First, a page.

Remember how I’ve been writing about the direct support staffing crisis? That we’re not paying caregivers enough so are having a really hard time trying to find or hire anyone? This story by Kirsten Swanson of KSTP, is more about the direct support crisis impact on group homes: From Group Home to Senior Living Staffing Crisis in Minnesota’s Disability Services Forces Aging Parents into Desperate Situations (KSTP news)
The staffing crisis is also impacting those of us living or trying to live independently. Apparently, the MN Department of Human Services Commissioner thinks everything is “fairly stable.” Really?!?
- My parents have been helping out a friend of ours who has lived independently for around 35 years. He has NOT had consistent, dependable personal care attendant help in 2 months. Traditional PCA agencies aren’t finding staff and PCA Choice relies on clients finding their own staff. Either way, there are very few people who are willing or able to work for $15.25/hour with no benefits. He does NOT want to lose his independence.
- I use self-directed Consumer Directed Community Supports (CDCS), so can pay staff a little more than PCA provider agencies. My CDCS budget covers less than 2/3 of the staffing hours I need to live independently. I could switch to provider services, but then I’d be in a similar situation to my friend in the first bullet above where providers are unable to find staff. Or I’d still have to find my own staff but for less than what I pay them now.
- Oh, and, by the way, for those who think living in a group home or more segregated setting should be my only choice, these options cost more than providing adequate support in our own homes. It’s important to have a variety of options available to meet people’s needs, but please make sure that self-directed options like CDCS are on a level-playing field with other provider services. Right now, they simply are not.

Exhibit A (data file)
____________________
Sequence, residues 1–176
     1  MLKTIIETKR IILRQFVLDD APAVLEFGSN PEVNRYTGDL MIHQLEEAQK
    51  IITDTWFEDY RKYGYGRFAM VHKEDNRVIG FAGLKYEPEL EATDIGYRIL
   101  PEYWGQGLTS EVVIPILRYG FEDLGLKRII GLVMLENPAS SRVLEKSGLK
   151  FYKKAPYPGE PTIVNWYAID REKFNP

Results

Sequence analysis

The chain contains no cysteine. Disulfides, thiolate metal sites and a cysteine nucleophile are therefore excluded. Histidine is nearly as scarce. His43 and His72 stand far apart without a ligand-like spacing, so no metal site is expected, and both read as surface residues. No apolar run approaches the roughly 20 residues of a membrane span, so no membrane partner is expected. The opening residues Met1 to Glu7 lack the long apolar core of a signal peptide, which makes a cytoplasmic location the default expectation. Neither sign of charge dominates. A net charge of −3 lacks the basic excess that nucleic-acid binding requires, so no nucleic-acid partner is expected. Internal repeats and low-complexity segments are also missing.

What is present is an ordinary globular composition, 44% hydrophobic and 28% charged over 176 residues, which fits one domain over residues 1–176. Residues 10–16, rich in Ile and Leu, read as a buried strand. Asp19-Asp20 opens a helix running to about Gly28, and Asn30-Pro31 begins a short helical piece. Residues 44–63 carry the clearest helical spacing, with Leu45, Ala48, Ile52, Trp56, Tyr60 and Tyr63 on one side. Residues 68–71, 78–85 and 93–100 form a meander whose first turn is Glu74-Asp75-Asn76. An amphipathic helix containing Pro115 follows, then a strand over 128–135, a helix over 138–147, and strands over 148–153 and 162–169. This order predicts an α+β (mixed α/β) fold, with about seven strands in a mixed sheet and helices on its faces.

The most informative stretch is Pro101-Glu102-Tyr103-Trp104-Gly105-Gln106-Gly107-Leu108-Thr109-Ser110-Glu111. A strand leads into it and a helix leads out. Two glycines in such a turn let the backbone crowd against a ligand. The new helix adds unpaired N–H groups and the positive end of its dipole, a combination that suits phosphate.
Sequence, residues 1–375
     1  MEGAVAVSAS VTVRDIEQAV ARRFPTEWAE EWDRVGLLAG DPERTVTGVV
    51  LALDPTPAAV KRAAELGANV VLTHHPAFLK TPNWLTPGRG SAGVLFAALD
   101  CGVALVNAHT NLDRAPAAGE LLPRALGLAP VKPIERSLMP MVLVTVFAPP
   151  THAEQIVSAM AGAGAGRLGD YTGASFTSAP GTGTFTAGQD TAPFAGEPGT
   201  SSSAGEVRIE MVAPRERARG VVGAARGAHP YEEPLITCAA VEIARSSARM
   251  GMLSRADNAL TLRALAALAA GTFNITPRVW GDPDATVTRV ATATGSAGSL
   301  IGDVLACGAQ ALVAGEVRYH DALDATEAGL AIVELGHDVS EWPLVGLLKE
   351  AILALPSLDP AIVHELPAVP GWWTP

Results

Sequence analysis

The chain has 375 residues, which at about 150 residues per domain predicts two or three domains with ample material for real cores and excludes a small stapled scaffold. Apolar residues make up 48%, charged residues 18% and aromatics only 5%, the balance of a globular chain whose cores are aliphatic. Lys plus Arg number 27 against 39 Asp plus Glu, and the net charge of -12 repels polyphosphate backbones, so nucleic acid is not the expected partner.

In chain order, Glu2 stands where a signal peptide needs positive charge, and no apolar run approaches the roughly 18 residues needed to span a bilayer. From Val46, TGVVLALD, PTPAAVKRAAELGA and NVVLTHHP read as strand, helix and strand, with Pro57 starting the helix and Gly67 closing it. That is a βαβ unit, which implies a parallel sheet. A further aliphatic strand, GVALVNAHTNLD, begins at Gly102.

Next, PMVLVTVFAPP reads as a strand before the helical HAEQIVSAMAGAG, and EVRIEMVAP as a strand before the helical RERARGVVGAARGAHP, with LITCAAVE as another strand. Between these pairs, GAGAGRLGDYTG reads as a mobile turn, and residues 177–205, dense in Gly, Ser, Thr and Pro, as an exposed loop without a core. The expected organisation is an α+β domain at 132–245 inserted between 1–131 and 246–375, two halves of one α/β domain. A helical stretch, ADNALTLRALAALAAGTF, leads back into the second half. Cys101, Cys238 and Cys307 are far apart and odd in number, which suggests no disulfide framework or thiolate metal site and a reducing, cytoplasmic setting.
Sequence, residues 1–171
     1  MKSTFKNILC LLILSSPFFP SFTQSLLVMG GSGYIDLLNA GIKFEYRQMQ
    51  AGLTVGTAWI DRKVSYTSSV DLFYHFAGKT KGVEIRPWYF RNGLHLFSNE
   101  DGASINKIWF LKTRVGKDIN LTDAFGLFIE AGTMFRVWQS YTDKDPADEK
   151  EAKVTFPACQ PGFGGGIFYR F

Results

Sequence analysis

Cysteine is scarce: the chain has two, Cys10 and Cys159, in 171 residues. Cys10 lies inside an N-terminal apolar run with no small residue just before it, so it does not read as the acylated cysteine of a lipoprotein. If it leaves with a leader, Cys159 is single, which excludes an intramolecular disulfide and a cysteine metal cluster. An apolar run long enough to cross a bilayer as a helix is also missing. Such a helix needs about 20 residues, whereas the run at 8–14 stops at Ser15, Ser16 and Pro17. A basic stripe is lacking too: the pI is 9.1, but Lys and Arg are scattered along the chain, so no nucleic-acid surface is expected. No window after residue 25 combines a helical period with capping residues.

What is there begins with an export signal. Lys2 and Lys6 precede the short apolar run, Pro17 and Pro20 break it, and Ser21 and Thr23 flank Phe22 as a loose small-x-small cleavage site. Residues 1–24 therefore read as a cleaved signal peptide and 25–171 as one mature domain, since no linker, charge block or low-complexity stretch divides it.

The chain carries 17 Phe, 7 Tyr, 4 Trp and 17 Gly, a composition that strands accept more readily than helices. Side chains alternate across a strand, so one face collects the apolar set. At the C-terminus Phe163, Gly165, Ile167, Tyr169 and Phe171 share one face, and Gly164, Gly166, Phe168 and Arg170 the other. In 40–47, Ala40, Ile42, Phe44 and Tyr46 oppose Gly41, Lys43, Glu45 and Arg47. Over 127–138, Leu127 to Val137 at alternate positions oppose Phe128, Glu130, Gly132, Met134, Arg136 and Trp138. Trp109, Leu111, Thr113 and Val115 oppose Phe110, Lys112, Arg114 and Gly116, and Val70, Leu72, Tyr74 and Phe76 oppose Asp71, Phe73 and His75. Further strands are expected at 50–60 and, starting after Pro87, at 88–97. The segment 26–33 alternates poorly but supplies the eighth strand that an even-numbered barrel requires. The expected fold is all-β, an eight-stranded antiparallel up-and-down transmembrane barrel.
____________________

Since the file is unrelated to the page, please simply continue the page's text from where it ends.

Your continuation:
- Because I don’t have enough caregivers, I’m usually going home on weekends. This weekend, my mom stayed here with me at my apartment. My dad usually spends 2-4 nights a week with me at my apartment. This is do-able for now but not a great long-term independence success story. Without a budget that will cover the staff I need, I may have to switch to more costly provider services or move back home.
Here are my questions:
- What do I do when my parents are in their upper-80s, like the couple featured in this KSTP story? Or scarier, what do I do when they’re not around?
- What happens to my friend or the others who have had to move from their homes to more restrictive settings because they can’t find staff? Paying staff competitive salaries and remaining in our homes is less costly than more restrictive settings.
- How do we make people understand that there is a caregiver crisis? It’s me, my friends, and others with disabilities. It’s also impacting seniors, nursing homes, and others needing caregivers. We’re all competing for a limited number of employees who are willing to work for very low wages.
- What do we do, when the commissioner of the agency, who is supposed to be helping figure this out, doesn’t realize there’s a problem?
We can and must do better. Please do NOT leave us behind! Elected officials, please approve budgets and funding to pay direct support staff living wages. DHS, make CDCS budgets comparable to provider services so we can direct our own services. I am angry. I am disappointed. We all should be.
If you’re reading this and you are angry about the crisis, let your elected officials know that this is not okay.
Thanks Kirsten Swanson for raising awareness of what’s happening and how many of us are struggling and not feeling “fairly stable!”